The proposal concedes HUD “is not aware of data suggesting that transgender individuals pose an inherent risk to biological women,” but adds “there is anecdotal evidence” non-trans women may fear being housed with transgender women.
Sharita Gruberg, senior director for the LGBTQ Research and Communications Project at Center for American Progress, said in a statement the proposal “is targeting transgender people for discrimination.”
“Giving shelters a license to discriminate against transgender people would be wrong at any time, but to do so in the midst of a pandemic and an economic crisis constitutes an act of wanton cruelty,” Gruberg said.
The proposal appears to conflict with the recent ruling from the U.S. Supreme Court in case of Bostock v. Clayton County, which determined anti-LGBTQ discrimination is a form of sex discrimination, thus illegal under Title VII of the Civil Rights Act of 1964. Although that ruling pertained to employment, not housing, the logic in the decision should affect the Fair Housing Act, which bans discrimination on the basis of sex in housing, and any regulations emanating from the U.S. government on that statute.
Neither the Justice Department, which has been charged with implementing the Bostock decision, nor the Department of Housing & Urban Development responded to the Washington Blade’s request to comment on how the proposal is consistent with the Supreme Court ruling.
Mara Keisling, Executive Director of the National Center for Transgender Equality, said in a statement the proposal “flies in the face of the Bostock Supreme Court ruling, so it will not stand, but it could still put people in danger.”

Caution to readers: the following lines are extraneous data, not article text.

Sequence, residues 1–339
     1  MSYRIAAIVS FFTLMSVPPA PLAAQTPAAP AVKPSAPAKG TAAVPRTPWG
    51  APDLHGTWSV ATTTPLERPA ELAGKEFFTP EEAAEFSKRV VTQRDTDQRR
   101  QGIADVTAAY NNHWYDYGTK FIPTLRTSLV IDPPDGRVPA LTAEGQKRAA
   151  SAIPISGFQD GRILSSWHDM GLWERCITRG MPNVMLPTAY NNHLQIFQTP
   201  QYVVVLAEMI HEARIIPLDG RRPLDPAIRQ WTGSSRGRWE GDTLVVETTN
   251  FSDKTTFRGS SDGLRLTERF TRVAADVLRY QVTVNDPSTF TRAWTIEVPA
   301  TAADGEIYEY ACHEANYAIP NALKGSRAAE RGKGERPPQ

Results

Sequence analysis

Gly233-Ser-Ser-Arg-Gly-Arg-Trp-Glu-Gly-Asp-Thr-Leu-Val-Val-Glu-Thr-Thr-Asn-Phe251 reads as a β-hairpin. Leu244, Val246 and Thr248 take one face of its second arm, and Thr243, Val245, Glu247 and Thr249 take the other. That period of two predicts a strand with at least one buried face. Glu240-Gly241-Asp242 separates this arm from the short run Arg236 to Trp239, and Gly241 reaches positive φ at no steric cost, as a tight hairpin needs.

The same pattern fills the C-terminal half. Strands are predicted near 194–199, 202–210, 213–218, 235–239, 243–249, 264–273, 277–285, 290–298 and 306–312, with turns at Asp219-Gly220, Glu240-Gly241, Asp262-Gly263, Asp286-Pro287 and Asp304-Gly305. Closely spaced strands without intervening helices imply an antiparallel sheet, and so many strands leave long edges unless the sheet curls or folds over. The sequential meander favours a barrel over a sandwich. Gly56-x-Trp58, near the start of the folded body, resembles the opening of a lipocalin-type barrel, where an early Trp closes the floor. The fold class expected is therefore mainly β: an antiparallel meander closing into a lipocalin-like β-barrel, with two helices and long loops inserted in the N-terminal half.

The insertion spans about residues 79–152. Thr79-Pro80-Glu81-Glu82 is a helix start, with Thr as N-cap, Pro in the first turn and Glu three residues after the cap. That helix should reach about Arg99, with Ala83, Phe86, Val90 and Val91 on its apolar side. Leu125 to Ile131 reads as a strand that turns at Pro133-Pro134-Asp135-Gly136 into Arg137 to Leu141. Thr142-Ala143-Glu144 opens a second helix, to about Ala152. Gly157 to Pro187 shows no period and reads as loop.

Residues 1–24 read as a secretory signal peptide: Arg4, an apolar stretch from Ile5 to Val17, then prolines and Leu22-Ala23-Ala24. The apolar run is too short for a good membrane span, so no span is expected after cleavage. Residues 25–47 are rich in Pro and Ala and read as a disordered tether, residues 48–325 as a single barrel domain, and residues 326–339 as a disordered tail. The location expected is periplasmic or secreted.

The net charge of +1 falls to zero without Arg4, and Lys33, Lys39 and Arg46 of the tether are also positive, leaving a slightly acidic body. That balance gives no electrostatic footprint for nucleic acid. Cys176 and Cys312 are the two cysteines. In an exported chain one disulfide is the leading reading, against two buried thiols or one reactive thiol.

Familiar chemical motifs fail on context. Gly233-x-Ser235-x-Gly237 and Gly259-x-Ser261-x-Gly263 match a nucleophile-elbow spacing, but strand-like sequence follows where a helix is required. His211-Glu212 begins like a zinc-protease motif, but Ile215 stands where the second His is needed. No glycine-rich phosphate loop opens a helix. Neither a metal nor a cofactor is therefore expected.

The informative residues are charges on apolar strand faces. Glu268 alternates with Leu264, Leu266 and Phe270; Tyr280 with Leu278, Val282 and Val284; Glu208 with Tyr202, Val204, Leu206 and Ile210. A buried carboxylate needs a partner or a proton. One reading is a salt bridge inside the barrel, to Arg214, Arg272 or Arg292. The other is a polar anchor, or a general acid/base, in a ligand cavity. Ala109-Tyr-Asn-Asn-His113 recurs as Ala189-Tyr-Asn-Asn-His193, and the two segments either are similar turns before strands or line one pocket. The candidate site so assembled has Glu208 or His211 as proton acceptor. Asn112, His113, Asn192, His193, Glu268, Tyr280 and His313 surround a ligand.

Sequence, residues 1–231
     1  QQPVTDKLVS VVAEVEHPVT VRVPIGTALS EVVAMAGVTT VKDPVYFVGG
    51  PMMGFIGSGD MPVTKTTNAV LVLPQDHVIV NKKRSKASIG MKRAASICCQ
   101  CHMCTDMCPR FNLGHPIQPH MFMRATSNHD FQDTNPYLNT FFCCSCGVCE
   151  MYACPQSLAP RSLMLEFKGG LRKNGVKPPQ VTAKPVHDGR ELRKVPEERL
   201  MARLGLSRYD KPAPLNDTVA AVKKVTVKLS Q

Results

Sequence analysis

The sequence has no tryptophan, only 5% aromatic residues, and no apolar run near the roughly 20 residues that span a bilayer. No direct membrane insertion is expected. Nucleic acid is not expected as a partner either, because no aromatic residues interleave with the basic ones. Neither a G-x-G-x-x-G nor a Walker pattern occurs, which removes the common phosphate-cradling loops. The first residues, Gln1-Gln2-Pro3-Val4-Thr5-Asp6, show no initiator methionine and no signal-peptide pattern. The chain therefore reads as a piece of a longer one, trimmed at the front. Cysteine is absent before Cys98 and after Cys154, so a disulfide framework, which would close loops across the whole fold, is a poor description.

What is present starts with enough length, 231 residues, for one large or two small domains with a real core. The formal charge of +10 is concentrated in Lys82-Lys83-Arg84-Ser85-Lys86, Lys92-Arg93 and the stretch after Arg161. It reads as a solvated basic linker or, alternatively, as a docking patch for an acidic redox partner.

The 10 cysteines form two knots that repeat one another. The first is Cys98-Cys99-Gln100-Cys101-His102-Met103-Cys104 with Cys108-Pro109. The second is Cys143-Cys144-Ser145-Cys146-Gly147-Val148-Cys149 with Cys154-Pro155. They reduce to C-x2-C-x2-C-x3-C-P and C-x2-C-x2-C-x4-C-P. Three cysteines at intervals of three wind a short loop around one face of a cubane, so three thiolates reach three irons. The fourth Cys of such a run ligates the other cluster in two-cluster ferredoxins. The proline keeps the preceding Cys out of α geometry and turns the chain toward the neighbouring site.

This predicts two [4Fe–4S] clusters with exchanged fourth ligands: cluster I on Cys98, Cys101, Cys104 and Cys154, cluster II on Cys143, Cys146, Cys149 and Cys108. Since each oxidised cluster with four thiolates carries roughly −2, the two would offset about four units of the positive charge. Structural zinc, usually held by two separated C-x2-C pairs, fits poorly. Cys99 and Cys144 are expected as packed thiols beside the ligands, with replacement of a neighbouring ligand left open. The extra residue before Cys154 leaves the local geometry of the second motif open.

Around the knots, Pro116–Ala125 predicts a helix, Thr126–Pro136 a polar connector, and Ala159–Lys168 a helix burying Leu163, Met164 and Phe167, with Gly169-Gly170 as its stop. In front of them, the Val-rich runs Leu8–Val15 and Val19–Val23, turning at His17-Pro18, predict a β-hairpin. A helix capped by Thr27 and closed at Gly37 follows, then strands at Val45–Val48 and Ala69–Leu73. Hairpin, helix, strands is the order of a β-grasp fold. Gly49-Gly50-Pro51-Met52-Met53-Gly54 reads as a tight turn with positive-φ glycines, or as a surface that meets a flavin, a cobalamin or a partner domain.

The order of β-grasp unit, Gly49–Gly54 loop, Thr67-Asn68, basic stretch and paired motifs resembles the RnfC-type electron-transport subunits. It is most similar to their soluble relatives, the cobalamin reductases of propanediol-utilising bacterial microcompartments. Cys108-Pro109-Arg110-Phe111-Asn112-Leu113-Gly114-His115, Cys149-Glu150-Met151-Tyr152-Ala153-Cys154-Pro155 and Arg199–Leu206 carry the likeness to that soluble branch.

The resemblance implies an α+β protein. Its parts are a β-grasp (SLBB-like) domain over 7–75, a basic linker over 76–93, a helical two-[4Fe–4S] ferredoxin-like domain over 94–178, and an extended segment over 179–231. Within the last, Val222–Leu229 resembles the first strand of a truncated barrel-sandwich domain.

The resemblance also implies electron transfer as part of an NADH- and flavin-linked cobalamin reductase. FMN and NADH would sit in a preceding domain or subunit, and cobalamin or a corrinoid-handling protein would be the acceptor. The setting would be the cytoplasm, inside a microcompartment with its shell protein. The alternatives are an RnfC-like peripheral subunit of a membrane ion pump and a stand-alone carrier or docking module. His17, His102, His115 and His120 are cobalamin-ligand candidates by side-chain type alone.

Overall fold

“Discrimination and criminalization have left countless transgender people, particularly transgender people of color, exposed to violence and abuse, all while family rejection can leave transgender youth with nowhere to turn,” Keisling said. “Secretary Carson is contradicting the very mission of his department by trying to make shelters less safe for those who need them and further endangering the lives of marginalized people. We will fight this rule like trans lives depend on it because trans lives do depend on it.”
The submission of the proposed rule is the last step in the process before publication in the Federal Register. A 60-day comment period for the rule is expected to start in the coming days.
HUD had previously announced it would gut the 2016 rule for homeless shelters with a rule allowing homeless shelters to refuse to house transgender people based on religious beliefs or privacy issues, but no document until now had reached this point in the rule-making stage, according to the American Civil Liberties Union.
The White House didn’t respond to the Washington Blade’s request to comment on whether President Trump is OK with the rule and think it’s consistent with the Supreme Court’s decision in the Bostock case.